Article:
Aunt Ellie Beans

So, my family is no exception when it comes to the ubiquitous green bean casserole served at Thanksgiving dinners throughout the Midwest.  We call it “Aunt Ellie Beans”, because, of course, this was always Aunt Ellie’s contribution.  I have to be honest, I never ate it.  Love Aunt Ellie, but not those French Fried Onions.  Or the Campbell’s cream of mushroom soup.  Ok, I actually liked those salty canned green beans.  I’ll be spending this Thanksgiving with my family and I can promise you that, though Aunt Ellie’s time on this Earth has passed, Aunt Ellie beans will be on the table.

I can’t say I’ve missed this particular dish since eschewing all of the components that make it up, but now that I think of it, and knowing that some form of it will be at our table, I’m thinking there may be some elements worth saving.  Green beans and mushrooms certainly go nicely together.  A little creaminess is a comforting aspect of any dish.  And, of course, something crunchy thrown on top never hurts!  Here’s what I’m thinking…and, by the way, feel free to add a whole array of vegetables and you’ll having something more like a pot pie.  Yum.

For the cruncy topping:

  • 1 large yellow onion, thinly sliced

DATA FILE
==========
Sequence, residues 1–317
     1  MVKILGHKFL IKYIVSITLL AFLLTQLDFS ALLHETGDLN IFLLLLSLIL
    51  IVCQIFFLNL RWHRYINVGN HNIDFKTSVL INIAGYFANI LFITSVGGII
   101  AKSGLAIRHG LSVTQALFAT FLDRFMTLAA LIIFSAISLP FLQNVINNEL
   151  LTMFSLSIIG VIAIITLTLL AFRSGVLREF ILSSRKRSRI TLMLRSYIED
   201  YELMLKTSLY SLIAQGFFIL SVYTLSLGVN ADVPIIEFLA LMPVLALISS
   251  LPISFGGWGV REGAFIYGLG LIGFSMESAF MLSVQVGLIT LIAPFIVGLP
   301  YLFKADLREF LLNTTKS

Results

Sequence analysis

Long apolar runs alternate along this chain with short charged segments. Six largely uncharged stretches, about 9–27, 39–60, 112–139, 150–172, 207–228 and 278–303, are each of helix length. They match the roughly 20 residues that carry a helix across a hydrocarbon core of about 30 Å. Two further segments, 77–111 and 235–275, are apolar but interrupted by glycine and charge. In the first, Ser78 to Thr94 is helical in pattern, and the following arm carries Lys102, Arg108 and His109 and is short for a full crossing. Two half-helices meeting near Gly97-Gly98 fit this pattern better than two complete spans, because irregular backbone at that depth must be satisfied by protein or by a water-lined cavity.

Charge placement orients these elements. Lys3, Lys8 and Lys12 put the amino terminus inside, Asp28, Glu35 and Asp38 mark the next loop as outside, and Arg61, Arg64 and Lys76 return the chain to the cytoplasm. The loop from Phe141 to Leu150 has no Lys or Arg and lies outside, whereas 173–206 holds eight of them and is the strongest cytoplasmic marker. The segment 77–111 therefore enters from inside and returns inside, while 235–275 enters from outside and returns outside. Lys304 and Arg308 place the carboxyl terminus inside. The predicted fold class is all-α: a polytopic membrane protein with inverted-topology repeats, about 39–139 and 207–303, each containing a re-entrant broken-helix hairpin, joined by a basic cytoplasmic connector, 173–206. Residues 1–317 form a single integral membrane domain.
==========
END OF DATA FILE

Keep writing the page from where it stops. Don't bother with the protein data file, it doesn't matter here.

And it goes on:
• sea salt
  • olive oil
  • 1 cup bread crumbs or small croutons

For the green bean mixture:

  • 2 cups chopped fresh cremini and portobello mushrooms, finely chopped
  • 1 Tablespoon olive oil
  • 1 medium yellow onion, minced
  • 1 large shallot, minced
  • 2 cloves garlic, minced
  • 5 cups trimmed green beans, cut into 3 inch pieces.  I actually sliced them in half lengthwise first and, though it’s time consuming, it’s the zen kind of time-consuming and much more authentic
  • sea salt
  • 1/2 cup raw cashews, preferably soaked 4-6 hours, then rinsed and drained
  • 1 cup water
  • 2-3 teaspoons tamari
  • salt and pepper, to taste

 

Heat a large skillet to medium and add the thinly sliced onions for the topping.  Sprinkle with salt.  Turn heat down to medium-low and drizzle the onions with olive oil.  Leave the on the heat, stirring occasionally, until you make the rest of the dish.  Heat a large ovenproof pan over medium heat, add the mushrooms and sprinkle with sea salt.  Let cooked undisturbed until they have released their juices and then started to brown; depending on the moisture level of the mushrooms, this could take 5-10 minutes or more.  Once they start to stick to the pan, give them a stir and cook for a few minutes.  Move the mushrooms to the side of the pan, add olive oil and onions and cook until they soften and begin to brown.  Stir in the shallot and cook 3-4 minutes more.  Add the garlic and cook until fragrant, maybe a minute or less.  Stir in the green beans, cover, and cook on low while you make the cashew cream.  Meanwhile, turn on your broiler.  In a blender, blend the cashews, water, and tamari until very smooth.  Pour the cashew cream over the vegetable mixture and stir to combine.  Taste and adjust seasonings.  Remove the caramelized onions for the topping and layer them over the green bean mixture.  Sprinkle with bread crumbs and place under the broiler until the bread crumbs are crisp.  Serve immediately and enjoy!

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1 Comment »

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